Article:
Happy Friday, loves! I’m so glad you’re here. It’s been an absolute sh*t show of a week— personally, politically, environmentally. That you choose to spend some small part of these crazy weeks with me means everything.
If the time you spend here is meaningful enough to you that you think it would help someone else, too, please consider sharing the newsletter around. Growing this conversation is my central mission, and I can’t do it as well without your help. XO, Asha
Like I said, it’s been an absolute sh*t show of a week. Major flooding in and around New York City due to extreme rainfall killed more than forty people. At the same time, Hurricane Ida has decimated communities in the Gulf region. Both water-based disasters came on the heels of the 20 people killed in Tennesee recently due to extreme flooding, not to mention the wildfires that have raged, per usual in recent years, in California. A recent New York Times article pointed out the obvious for many of us, that these overlapping disasters make one thing unavoidably clear— the U.S. is not ready to effectively address the climate change crisis.
Meanwhile, down in Texas, the GOP has managed to effectively end Roe v. Wade with their latest abortion law, which prohibits any procedures after six weeks of pregnancy. They were aided in their quest to turn women into breeding stock by the Supreme Court, which is increasingly using its shadow docket to enforce right-wing, unpopular political priorities upon the general populace.
These issues are not unrelated. In fact, our inability to effectively confront climate change and our continuing political insistence on controlling the bodies of women are intimately connected.
As part of the research for my book, this week I’ve been reading Women Who Run With The Wolves by Dr. Clarissa Pinkola Estés. I don’t know exactly how I managed not to read this book up until now because it was a hugely important text for many women of my generation. Reading it I found myself wishing I had read it when it came out in the ’90s. It would have made so many moments of the last thirty years of my life make so much more sense. I would have been, at various points, so much less apologetic about the one I am with Estés’ wisdom to draw from.
Ah, well. We find things when we are meant to, and this week was the perfect time for me to be reading this important book. Not just because it speaks to the condition of my personal life, but because it speaks to our present moment in the world.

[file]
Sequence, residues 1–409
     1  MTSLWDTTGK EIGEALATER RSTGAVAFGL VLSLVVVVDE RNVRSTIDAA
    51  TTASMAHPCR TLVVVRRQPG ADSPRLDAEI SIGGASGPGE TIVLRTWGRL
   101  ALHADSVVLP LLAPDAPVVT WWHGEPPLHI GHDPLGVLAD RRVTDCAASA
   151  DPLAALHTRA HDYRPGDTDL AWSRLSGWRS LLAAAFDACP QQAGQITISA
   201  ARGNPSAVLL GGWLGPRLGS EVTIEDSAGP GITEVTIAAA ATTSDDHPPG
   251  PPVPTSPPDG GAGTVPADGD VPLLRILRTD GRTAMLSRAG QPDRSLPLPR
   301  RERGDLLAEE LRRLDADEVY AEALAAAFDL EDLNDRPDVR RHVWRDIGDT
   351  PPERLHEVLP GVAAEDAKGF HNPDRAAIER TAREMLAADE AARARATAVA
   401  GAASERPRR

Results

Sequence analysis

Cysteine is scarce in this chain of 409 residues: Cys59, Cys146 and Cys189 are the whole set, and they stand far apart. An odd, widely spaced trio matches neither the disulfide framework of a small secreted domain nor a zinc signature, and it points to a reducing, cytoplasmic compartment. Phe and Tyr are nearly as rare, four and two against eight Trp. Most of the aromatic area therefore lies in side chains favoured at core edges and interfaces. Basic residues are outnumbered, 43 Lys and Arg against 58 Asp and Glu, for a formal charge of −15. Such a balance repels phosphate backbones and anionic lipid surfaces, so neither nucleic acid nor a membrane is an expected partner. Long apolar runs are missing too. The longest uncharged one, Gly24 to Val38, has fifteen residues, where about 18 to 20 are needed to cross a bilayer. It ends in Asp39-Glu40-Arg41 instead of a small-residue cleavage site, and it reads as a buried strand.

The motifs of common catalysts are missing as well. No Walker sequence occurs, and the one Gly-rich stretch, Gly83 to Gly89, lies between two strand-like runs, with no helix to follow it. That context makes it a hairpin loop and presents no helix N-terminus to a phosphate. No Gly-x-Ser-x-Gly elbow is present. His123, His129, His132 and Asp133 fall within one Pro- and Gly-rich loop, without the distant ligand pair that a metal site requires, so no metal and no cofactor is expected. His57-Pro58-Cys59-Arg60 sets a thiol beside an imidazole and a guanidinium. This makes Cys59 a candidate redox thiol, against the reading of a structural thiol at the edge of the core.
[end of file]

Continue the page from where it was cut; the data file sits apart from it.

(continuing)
Estés writes, “Where there is a wound on the psyches and bodies of women, there is a corresponding wound at the same site in the culture itself, and finally on Nature herself. In a true holistic psychology all worlds are understood as interdependent, not as separate entities. It is not amazing that in our culture there is an issue about carving up a woman’s natural body, [and] that there is a corresponding issue about carving up the landscape...”
Similarly, it is no surprise that in a culture that presumes to remove women’s autonomy over our bodies— as if we are just dumb animals with no agency, created simply to breed the next generation of workers and consumers to feed the capitalist machine whether we choose to or not— that we also approach the planet as if it is just an inanimate resource with no will of its own, existing only to be exploited for our particular use and profit.
We are idiots if we don’t acknowledge that both women and the planet do actually have agency and inexorable will, as well as a backlog of understandable rage and very, very long memories.
Throughout the history of Western culture, women have been associated with the body, while men have been associated with mind and spirit. Within the context of this compartmentalized and hierarchical system, women, bodies, and the planet have been things to conquer, transcend, or exploit. Today this system rules our environmental policy and our social policy as it relates to women’s bodies. It is both deeply disembodied and lacks integrity.